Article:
Bush deals with issues better than Clinton
After the 1993 World Trade Center bombing that killed six and injured 1,000, President Bill Clinton promised that those responsible would be hunted down and punished. After the 1995 bombing in Saudi Arabia which killed five U.S. military personnel, Clinton promised that those responsible would be hunted down and punished. After the 1996 Khobar Towers bombing in Saudi Arabia that killed 19 and injured 200 U.S. military personnel, Clinton promised that those responsible would be hunted down and punished. After the 1998 bombing of U.S. embassies in Africa which killed 224 and injured 5,000, Clinton promised that those responsible would be hunted down and punished. After the 2000 bombing of the USS Cole that killed 17 and injured 39 U.S. sailors, Clinton promised that those responsible would be hunted down and punished.
And you say it’s George “Dubya” Bush who isn’t concerned with Americans coming home in body bags?
If Bill Clinton had kept just one of his promises, 3000 people might still be alive, and the World Trade Center might still be standing. On at least three occasions, Clinton could have had bin Laden delivered to him but turned down the offers out of fear of upsetting the Islamic terrorist community.
And you think Dubya’s failed us overseas?
You’re pretty good at expressing outrage. Were you outraged when Bill Clinton unlawfully invaded Haiti, Somalia, and Bosnia? Were you outraged at the deaths of innocent civilians and U.S. soldiers then? Were you outraged about the 450 cruise missiles, each tipped with depleted uranium, that Clinton launched into Iraq?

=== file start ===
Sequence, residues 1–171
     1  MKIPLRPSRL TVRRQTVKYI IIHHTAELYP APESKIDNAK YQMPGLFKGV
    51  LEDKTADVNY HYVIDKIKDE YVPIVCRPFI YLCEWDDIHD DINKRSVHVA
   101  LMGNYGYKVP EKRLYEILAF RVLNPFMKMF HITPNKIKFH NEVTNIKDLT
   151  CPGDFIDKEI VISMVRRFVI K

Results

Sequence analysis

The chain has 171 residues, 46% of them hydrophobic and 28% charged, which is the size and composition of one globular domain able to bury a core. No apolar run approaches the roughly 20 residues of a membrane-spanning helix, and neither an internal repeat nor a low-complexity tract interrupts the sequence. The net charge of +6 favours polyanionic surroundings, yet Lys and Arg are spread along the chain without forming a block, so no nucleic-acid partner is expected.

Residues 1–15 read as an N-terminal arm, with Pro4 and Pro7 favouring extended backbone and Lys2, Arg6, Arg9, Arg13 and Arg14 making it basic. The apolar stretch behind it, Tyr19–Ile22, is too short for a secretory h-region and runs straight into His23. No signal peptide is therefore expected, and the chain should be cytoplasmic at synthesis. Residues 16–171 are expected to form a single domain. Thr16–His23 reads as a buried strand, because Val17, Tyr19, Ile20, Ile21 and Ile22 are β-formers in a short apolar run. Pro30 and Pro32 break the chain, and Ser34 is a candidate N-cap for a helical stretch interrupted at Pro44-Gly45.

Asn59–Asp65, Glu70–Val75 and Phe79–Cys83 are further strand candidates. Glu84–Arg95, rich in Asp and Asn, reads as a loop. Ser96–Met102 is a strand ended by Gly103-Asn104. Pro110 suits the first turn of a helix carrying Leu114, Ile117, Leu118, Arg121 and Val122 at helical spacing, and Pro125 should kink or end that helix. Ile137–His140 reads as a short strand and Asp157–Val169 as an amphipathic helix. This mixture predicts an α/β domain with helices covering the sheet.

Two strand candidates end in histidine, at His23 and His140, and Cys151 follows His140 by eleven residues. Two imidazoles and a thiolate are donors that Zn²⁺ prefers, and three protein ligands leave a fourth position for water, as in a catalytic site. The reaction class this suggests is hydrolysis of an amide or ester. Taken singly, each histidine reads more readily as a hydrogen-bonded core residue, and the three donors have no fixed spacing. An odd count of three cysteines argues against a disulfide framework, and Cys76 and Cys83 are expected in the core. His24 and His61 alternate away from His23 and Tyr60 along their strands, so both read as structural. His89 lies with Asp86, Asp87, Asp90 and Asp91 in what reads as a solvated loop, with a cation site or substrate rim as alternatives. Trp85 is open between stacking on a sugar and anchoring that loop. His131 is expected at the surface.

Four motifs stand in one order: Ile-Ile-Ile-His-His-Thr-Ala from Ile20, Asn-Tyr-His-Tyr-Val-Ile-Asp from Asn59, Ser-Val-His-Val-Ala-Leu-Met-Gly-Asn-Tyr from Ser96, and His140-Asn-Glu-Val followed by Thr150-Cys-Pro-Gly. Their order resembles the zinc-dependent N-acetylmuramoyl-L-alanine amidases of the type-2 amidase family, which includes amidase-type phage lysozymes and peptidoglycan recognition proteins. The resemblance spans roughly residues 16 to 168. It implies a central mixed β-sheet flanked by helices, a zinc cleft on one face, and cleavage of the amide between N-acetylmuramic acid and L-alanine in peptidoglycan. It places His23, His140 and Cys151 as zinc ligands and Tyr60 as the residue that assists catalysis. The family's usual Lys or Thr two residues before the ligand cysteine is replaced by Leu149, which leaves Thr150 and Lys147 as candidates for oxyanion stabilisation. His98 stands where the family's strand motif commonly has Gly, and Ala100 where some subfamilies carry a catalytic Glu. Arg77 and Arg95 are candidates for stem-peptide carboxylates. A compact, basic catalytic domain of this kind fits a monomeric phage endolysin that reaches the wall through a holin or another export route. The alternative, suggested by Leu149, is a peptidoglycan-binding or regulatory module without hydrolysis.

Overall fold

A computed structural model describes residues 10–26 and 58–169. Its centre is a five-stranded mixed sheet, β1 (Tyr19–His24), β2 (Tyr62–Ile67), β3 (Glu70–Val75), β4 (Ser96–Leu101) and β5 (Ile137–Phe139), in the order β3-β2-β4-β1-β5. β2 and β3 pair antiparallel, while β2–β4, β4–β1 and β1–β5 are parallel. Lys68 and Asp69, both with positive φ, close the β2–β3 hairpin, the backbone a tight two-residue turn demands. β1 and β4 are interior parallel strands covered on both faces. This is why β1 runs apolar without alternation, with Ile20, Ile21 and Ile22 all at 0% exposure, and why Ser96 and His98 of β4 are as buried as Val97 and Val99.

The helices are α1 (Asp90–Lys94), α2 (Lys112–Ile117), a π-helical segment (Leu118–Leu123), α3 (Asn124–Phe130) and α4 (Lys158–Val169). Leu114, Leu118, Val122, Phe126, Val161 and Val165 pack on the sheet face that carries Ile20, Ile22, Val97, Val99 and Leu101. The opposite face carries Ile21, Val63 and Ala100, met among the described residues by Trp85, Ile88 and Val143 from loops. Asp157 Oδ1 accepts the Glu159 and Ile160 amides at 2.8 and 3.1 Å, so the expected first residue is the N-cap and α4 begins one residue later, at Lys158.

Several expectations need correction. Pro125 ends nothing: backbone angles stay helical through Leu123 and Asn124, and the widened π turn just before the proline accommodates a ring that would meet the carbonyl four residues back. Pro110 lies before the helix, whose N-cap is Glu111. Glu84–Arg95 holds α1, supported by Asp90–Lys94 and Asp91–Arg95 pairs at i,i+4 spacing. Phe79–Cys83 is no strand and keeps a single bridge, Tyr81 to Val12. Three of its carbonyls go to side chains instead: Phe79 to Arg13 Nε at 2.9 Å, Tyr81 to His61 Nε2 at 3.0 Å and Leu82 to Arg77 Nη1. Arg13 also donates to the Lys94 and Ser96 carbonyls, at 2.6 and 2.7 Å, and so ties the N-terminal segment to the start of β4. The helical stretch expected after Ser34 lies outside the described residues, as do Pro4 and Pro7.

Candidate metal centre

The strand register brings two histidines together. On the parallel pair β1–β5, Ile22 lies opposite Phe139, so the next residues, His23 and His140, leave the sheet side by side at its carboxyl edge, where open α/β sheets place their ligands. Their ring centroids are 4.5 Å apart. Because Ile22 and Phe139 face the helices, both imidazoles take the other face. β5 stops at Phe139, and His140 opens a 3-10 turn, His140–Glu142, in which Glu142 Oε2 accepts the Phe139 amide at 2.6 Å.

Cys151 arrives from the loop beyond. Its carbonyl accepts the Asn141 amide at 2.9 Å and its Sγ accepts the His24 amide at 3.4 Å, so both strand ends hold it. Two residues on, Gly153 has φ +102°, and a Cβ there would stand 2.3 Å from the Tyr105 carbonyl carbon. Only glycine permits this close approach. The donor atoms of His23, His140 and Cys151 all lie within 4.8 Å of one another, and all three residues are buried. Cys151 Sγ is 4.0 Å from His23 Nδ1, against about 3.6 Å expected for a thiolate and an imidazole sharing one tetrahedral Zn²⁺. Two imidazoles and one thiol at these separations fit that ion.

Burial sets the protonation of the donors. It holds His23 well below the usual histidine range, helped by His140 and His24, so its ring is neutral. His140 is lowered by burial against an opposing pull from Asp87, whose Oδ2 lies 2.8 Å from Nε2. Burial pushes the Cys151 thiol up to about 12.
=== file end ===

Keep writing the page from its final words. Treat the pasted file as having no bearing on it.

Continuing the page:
And you call Dubya a cowboy?
Bill Clinton signed the North American Free Trade Agreement, which can be argued is responsible for most of the 3 million lost jobs to which you refer.
And you call Dubya a failure at home? Nice try.
Scott Bernard is a senior majoring in electrical engineering.
Freshmen entitledto parking facilities
I write this letter in response to Carey Behnken’s letter in which she is trying to solve the parking problem by forcing fresmen to live on campus.
I happen to be one of the “narrow-minded” freshmen she mentioned in her article.
She stated her idea as an “excellent solution” and I beg to differ. First off, I attend USF on a scholarship that pays only my tuition, and I don’t make enough to pay the average $500 a month to live on campus and neither do my parents.
Instead of taking out loans, I decided to stay at home, not knowing that it would render me narrow-minded.
If Carey is willing to pay my dorm expenses, I am more than willing to live on campus and stop driving my car to school.
I’m not sure where Carey is trying to park, but I don’t arrive at school an hour and a half before school. Maybe a half hour before, but that’s it.
You need to be willing to walk. Maybe she should rethink her views because I think she is the narrow-minded one, not realizing that people have different situations forcing them to stay at home and not get the so-called “college experience.”
Jessica Kuch is a freshman majoring in pre-med.
USF commercial not presentable enough
As a USF MBA student and alumnus of The University of Alabama, I am sorry to say that I was embarrassed by the commercial USF aired on ESPN during last week’s football game.
As a marketing executive I have seen plenty of commercials that have lacked funding and creativity. However, as USF begins “branding” our university, those responsible for the marketing efforts must be cognizant of the importance nationally televised commercials possess.
Please, on behalf of the MBAs and all students eager to leave a nationally respected university, let’s put the funds and talent into a quality commercial, or not air one at all.
Nick Middleton is a graduate student in business administration.